3. Geography will never cease to exist. It makes no difference that, in looking at my Twitter feed or Facebook home page or Gtalk IM client, I can talk to people in Australia, Florida, Auckland, Washington DC, London, Seattle, California, Texas and North Carolina. The Internet doesn’t make up for the fact that I am not there with them.

    I have a couple of friends whom I talk to daily. We joke that when we’re not face to face, we live in each other’s computers, but it doesn’t work like that. Nothing makes up for being sat in front of someone–no amount of video chat, Twitter, email or anything else. We’ve liberalised communication to the extent that I can contact someone in France as easily as my next door neighbour, but until we can email ourselves somewhere, geography still wins. I’ll still buy aeroplane tickets. We’ll still miss people with whom we have a constant line of communication, and we’ll never completely close the gaps physical distance creates.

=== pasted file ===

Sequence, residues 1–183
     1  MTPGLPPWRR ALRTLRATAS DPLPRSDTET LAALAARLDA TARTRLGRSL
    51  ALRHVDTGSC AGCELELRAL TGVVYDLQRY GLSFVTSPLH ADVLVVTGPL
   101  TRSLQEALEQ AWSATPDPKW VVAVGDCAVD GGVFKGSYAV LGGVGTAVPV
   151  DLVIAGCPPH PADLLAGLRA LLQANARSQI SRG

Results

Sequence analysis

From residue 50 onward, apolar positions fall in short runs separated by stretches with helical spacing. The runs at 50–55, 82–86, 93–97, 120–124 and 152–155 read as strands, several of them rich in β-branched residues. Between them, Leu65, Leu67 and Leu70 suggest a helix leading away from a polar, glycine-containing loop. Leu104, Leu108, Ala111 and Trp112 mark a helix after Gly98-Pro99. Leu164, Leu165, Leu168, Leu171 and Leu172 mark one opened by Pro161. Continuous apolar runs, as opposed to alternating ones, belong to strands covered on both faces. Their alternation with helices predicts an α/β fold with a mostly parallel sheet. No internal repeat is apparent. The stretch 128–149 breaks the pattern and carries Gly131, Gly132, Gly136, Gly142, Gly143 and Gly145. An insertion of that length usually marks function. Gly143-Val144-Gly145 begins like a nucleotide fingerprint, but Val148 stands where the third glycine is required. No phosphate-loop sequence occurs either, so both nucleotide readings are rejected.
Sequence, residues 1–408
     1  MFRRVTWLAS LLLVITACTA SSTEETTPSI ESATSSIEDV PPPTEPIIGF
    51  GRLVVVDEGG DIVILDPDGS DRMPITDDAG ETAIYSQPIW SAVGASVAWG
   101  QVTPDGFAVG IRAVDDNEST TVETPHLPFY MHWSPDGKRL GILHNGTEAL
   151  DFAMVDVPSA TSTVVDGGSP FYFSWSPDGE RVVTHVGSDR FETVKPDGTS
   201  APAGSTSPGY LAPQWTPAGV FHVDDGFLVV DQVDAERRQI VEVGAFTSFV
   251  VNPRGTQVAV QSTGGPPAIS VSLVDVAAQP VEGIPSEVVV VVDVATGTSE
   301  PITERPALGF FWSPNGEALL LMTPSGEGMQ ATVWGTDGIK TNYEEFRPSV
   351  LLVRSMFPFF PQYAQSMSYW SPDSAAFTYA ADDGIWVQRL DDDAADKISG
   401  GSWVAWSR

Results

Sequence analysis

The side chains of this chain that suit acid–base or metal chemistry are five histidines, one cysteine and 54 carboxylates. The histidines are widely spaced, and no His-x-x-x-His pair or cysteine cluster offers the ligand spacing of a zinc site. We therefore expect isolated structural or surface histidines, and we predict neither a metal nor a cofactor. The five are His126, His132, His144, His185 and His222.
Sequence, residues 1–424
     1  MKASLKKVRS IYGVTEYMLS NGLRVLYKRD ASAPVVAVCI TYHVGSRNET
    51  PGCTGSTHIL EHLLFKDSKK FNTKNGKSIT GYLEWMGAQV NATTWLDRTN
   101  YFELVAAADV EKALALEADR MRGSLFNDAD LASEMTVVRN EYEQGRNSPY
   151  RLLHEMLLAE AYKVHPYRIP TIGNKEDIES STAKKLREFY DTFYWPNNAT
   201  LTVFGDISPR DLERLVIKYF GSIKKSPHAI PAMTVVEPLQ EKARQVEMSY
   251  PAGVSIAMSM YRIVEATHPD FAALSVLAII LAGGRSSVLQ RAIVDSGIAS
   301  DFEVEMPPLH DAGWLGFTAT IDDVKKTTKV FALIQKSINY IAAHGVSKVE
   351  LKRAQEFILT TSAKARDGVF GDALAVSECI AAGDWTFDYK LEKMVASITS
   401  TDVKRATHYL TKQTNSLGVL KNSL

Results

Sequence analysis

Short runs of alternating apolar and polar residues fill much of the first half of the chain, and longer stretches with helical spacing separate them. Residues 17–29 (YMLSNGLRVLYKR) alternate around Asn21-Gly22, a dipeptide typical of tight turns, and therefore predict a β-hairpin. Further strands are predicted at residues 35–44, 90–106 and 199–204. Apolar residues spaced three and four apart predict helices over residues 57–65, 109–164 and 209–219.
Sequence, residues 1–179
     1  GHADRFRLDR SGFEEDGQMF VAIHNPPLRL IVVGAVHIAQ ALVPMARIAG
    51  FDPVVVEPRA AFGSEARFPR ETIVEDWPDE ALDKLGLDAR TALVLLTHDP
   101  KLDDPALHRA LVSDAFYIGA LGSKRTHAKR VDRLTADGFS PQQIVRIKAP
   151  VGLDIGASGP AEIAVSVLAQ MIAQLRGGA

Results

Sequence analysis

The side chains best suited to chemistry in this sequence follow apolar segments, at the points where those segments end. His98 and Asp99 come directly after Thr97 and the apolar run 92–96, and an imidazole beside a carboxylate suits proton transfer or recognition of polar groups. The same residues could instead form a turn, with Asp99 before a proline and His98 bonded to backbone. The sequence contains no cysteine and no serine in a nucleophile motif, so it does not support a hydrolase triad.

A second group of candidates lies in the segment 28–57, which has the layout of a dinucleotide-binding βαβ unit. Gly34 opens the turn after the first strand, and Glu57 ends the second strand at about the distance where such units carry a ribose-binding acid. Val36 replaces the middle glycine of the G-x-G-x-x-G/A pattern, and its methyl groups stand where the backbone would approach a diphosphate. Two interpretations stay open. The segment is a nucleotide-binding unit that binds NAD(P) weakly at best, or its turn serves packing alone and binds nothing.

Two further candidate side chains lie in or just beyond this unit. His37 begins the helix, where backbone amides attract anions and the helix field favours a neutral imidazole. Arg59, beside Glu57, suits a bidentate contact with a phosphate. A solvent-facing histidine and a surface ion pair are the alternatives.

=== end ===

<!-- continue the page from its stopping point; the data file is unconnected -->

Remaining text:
And that’s about where I stand on these few random technology-related subjects. I won’t buy online, but I’ll pretend as hard as I can–and in vain– that my far-away friends are actually here. I’ll contradict the fact that I write blog posts with the statement that blogging usually falls in between boring and asinine. And, all the while, I wait for the day when my coffee machine knows how to make a better drink than I do.